Functional gastrointestinal disorders (FGD) and related motility issues are among the most prevalent GI disorders in the global population, particularly among children (Park, Mikami, LeClair, et al. 2015). These disorders are also called disorders of gut-brain interaction (Drossman and Hasler 2016).
Complaints such as digestive problems and abdominal pain often continue into adulthood, and the average healthcare costs associated with FGD in the United States may exceed $6,000 per patient (Dhroove, Chogle, and Saps 2010). Among adults presenting FGD, nearly 50% of healthcare economic resources are directed to those with irritable bowel syndrome, which translated to more than $20 billion annually in a 2009 analysis (Brandt, Chey, Foxx-Orenstein, et al. 2009).
Avoidant/restrictive food intake disorder (ARFID) is a relatively new diagnostic category (Fisher, Rosen, Ornstein, et al. 2013). This disorder, which affects children, adolescents, and adults, may initially resemble picky eating, however such food fussiness, unlike ARFID, usually involves only a few food items, and the child’s appetite, overall food intake, and growth and development are normal.
Patients with ARFID may not eat because they lose interest or because they fear that eating will lead to harmful consequences such as choking or vomiting. They may avoid certain foods because of their sensory characteristics. Individuals with ARFID avoid eating food or restrict their food intake to such an extent that they have one or more of the following characteristics: significant weight loss or, in children, failure to grow as expected; significant nutritional deficiency; dependence on enteral feeding or oral nutritional supplements; or markedly disturbed psychosocial functioning. Nutritional deficiencies can be life-threatening, and social functioning can be markedly impaired.
One of the FGDs is Crohn’s disease, which is a complex, chronic inflammatory condition of the GI tract (Torres, Mehandru, Colombel, et al. 2017). A precise etiology of this progressive disease is unknown, although the preponderance of evidence suggests this condition is a result of interactions between individual genetics (~12%), environmental exposures, and possibly intestinal microflora.
Management of symptoms associated with Crohn’s disease involves an array of therapeutic interventions, depending on the nature, responsiveness, and severity of symptoms. Treating beyond the symptoms as assessed by emerging algorithms has been proposed. Steroid therapy, immunosuppressant interventions, and even nutritional and lifestyle considerations are important factors. “Biologics” may also be valuable in the management of Crohn’s (Cholapranee, Hazlewood, Kaplan, et al. 2017). These agents target specific parts of the immune system. They generally block the action of a specific type of immune cell called a T-cell, or block key inflammatory proteins or cytokines in the immune system, such as tumor necrosis factor-alpha (TNF-α), interleukin 17-A, or interleukins-12 and -23.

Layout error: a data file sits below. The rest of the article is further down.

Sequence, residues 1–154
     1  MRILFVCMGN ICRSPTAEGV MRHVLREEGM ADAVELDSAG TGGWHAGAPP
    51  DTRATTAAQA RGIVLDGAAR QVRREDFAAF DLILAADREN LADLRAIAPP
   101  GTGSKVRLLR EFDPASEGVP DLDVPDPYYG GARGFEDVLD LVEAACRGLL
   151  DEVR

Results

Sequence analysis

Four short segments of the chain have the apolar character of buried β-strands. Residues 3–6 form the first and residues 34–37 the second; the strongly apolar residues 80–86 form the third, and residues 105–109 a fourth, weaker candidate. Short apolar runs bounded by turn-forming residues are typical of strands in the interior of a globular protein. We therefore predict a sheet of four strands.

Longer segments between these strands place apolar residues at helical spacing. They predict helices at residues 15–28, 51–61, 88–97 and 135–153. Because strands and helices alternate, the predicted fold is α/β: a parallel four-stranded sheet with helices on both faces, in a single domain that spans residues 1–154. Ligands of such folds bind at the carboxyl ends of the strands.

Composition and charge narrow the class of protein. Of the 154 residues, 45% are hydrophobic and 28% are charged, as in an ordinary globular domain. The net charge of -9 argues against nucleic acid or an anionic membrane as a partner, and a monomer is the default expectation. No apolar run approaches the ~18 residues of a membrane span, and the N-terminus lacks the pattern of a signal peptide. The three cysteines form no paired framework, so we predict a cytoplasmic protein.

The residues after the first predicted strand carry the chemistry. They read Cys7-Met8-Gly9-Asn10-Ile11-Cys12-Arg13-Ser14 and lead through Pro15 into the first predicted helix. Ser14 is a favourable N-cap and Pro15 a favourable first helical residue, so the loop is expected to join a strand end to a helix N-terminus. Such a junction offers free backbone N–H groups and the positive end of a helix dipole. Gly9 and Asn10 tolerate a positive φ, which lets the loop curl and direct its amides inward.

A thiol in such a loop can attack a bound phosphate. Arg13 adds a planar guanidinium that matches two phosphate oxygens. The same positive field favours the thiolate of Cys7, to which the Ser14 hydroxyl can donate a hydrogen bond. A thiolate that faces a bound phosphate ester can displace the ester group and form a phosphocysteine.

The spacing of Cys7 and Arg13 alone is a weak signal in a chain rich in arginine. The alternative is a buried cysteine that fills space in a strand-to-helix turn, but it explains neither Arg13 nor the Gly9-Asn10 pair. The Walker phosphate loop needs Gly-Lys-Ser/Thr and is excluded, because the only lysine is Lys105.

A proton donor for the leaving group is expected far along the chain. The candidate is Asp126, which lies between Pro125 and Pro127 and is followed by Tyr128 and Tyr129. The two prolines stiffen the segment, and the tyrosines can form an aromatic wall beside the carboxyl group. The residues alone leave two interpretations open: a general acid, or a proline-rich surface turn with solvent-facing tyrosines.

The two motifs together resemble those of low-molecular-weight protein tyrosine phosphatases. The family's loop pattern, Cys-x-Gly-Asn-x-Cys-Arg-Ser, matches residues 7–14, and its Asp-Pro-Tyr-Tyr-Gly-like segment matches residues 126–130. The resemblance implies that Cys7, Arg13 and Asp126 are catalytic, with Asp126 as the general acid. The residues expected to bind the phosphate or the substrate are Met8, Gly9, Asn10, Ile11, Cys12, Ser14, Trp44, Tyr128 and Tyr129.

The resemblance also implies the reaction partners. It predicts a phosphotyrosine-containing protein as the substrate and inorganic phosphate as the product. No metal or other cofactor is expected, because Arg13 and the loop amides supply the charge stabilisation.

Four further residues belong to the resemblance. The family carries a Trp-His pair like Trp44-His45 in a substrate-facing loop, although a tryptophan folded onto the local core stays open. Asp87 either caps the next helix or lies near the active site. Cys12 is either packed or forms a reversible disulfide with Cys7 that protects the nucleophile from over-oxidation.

A 2017 review of dietary and enteral interventions noted there is limited evidence that some strains of probiotics, at least theoretically, may alter the course of Crohn’s disease (Yamamoto, Shimoyama, and Kuriyama 2017). A 2014 review of six studies, then reduced to two large studies using n-3 polyunsaturated fatty acids, suggested these are probably ineffective in management of Crohn’s disease even though these fatty acids may modulate selected inflammatory processes (Lev-Tzion, Griffiths, Ledder, et al. 2014).
Another unique study suggested a Crohn’s Disease Exclusion Diet and an enteral nutrition product may induce symptom remission among children (Levine, Wine, Assa, et al. 2019). The 6-week crossover study among nearly 80 subjects evaluated regimen tolerance, pediatric Crohn’s disease activity index, C-reactive protein, fecal calprotectin, intestinal permeability, and microbiome profile at the phylum level. Interestingly, each study group presented clinical remission and similar changes in microflora profiles at week 6, however, the group consuming the exclusion diet plus enteral feed demonstrated continued remission of symptoms. Study limitations include study subjects with less than rigorously defined and relatively mild pathology, a sensitive but nonspecific marker for inflammation, and an apparent lack of consideration for the systemic manifestations of autoimmune disease, especially in rheumatologic dimensions.
Certainly, the very broad spectrum of FGDs is daunting in terms of complexity, chronicity, social cost, and degree of human suffering. Further research is required to understand pathologies and develop effective management strategies. Emerging work appears to be intriguing in exploring clinical guidelines that do not necessarily resort to costly remedies.